Psychologists approach the task of explaining delinquent and criminal behaviour by focusing on an individual’s personality. In particular, they examine the processes by which behaviour and restraints on behaviour are learned. These processes often are conceived as being the result of the interaction of biological predispositions and social experiences.
Among the earliest psychological theories of crime were those based on the work of Sigmund Freud (1856–1939). Freud argued that human nature includes a great reservoir of instinctual drives (the “id”) that demand gratification. These drives are restrained by moral and ethical codes (the “superego”) that children internalize as a result of their great love for and attachment to their parents. Adults develop a rational part of their personality (the “ego”) that mediates between the drives of the id and the restraints of the superego. Because the id is a relatively constant drive, criminality is assumed to result from the failure of the superego, a consequence of its incomplete development. However, the empirical evidence for this theory is thin.
Later psychological theories of crime were based on behaviour theory, such as that of the American psychologist B.F. Skinner (1904–90), who viewed all human behaviour—criminal and otherwise—as learned and thus manipulable by the use of reinforcement and punishment (see behaviourism). The social learning theory of Ronald Akers expanded behaviour theory to encompass ways in which behaviour is learned from contacts within the family and other intimate groups, from social contacts outside the family (particularly from peer groups), and from exposure to models of behaviour in the media, particularly television.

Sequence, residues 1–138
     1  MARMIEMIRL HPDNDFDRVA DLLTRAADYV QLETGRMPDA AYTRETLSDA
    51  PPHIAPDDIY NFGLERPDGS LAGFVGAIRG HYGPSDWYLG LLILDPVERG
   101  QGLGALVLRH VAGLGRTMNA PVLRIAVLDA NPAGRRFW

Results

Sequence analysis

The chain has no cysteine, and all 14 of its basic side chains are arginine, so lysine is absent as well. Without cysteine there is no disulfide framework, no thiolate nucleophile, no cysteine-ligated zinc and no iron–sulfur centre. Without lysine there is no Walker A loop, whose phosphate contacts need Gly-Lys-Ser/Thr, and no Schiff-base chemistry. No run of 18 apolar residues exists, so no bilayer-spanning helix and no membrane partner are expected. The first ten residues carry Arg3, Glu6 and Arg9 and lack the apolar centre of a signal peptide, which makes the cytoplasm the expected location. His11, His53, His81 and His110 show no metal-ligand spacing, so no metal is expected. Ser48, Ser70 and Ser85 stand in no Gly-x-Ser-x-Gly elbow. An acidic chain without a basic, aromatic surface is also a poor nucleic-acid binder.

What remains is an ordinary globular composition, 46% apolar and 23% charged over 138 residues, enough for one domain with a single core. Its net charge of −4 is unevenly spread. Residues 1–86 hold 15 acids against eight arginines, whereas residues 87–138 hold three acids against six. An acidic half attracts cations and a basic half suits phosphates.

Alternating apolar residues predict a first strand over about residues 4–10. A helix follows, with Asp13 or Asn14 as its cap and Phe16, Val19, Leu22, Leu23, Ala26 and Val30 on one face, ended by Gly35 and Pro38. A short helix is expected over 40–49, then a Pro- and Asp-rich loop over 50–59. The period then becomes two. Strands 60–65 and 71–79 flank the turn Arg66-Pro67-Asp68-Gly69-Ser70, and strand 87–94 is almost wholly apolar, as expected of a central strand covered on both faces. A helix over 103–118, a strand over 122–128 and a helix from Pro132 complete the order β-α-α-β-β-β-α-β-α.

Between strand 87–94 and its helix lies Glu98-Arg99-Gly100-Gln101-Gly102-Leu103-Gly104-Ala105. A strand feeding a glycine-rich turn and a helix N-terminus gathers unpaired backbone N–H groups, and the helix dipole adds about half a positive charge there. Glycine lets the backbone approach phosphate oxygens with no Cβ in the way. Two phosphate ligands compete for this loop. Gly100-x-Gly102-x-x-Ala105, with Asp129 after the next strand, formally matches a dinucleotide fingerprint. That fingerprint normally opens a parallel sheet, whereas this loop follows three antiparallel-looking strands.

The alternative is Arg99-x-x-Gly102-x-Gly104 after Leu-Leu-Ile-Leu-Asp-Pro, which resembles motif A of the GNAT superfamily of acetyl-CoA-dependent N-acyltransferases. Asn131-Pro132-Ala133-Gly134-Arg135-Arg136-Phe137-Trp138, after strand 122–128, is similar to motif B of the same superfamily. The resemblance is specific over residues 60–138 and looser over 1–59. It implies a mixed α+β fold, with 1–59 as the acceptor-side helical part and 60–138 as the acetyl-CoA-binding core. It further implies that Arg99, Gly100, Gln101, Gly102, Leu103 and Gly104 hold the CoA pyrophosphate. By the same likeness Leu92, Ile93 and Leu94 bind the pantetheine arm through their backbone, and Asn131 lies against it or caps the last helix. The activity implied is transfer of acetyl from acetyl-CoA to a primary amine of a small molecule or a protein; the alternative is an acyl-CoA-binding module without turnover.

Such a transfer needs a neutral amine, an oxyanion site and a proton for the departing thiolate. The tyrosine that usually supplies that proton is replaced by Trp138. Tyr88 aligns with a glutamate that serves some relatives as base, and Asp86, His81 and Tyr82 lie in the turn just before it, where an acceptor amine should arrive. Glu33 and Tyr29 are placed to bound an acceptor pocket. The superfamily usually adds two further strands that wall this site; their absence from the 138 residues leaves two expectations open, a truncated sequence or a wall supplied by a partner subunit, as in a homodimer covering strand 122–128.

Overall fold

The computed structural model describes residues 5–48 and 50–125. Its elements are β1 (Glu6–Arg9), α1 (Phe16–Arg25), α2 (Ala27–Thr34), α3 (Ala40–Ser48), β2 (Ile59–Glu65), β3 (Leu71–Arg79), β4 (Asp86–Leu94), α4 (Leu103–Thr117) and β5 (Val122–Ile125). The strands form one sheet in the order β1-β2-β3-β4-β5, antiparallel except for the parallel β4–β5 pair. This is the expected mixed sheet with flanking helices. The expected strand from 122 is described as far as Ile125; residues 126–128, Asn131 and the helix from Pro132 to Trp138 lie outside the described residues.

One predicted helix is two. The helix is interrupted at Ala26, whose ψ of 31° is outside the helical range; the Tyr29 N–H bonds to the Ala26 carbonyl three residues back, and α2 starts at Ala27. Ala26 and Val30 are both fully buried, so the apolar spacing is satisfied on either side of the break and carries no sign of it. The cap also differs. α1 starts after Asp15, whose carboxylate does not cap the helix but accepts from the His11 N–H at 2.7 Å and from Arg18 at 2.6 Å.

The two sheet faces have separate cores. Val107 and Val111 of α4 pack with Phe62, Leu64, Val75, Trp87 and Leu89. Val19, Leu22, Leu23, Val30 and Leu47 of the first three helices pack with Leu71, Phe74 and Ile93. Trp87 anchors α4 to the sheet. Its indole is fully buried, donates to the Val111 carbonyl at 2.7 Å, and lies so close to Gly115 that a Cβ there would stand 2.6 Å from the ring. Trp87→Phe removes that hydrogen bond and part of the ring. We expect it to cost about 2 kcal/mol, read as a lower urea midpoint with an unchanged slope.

Beyond these broad psychological theories, it is sometimes argued that crime is associated with certain mental conditions. Mental illness is generally the cause of a relatively small proportion of crimes, but its perceived importance may be exaggerated by the seriousness of some of the crimes committed by persons with mental disorders. The closure of many American mental institutions in the 1960s and ’70s thrust many mentally ill people into the surrounding communities, where some of them later became troublesome. Because authorities had no other place to put them, there was a strong tendency for mentally ill people to end up in jails and prisons.
One particular personality configuration—antisocial personality disorder—is thought to be strongly associated with criminality. However, because the criteria for diagnosing the disorder emphasize committing crimes and engaging in crimelike behaviour, it is unclear whether the disorder is a cause of crime or simply a label that psychiatrists use to describe people who happen to be criminals. In the 1990s, psychological research was focused on early childhood experiences that tended to lead to criminality in later life, including poor parental child-rearing techniques, such as harsh or inconsistent discipline. Research also isolated impulsivity—the tendency to engage in high levels of activity, to be easily distracted, to act without thinking, and to seek immediate gratification—as a personality characteristic associated with criminality.
The largest number of criminological theories have been developed through sociological inquiry. These theories have generally asserted that criminal behaviour is a normal response of biologically and psychologically normal individuals to particular kinds of social circumstances.
Another set of sociological theories also denies the existence of subcultural value systems. Neutralization theory, advanced by the American criminologists David Cressey, Gresham Sykes, and David Matza, portrays the delinquent as an individual who subscribes generally to the morals of society but who is able to justify his own delinquent behaviour through a process of “neutralization,” whereby the behaviour is redefined to make it morally acceptable. Control theory emphasizes the links between the offender and his social group—his bond to society. According to this view, the ability of the individual to resist the inclination to commit crime depends on the strength of his attachment to his parents, his involvement in conventional activities and avenues of progress, and his commitment to orthodox moral values that prohibit the conduct in question.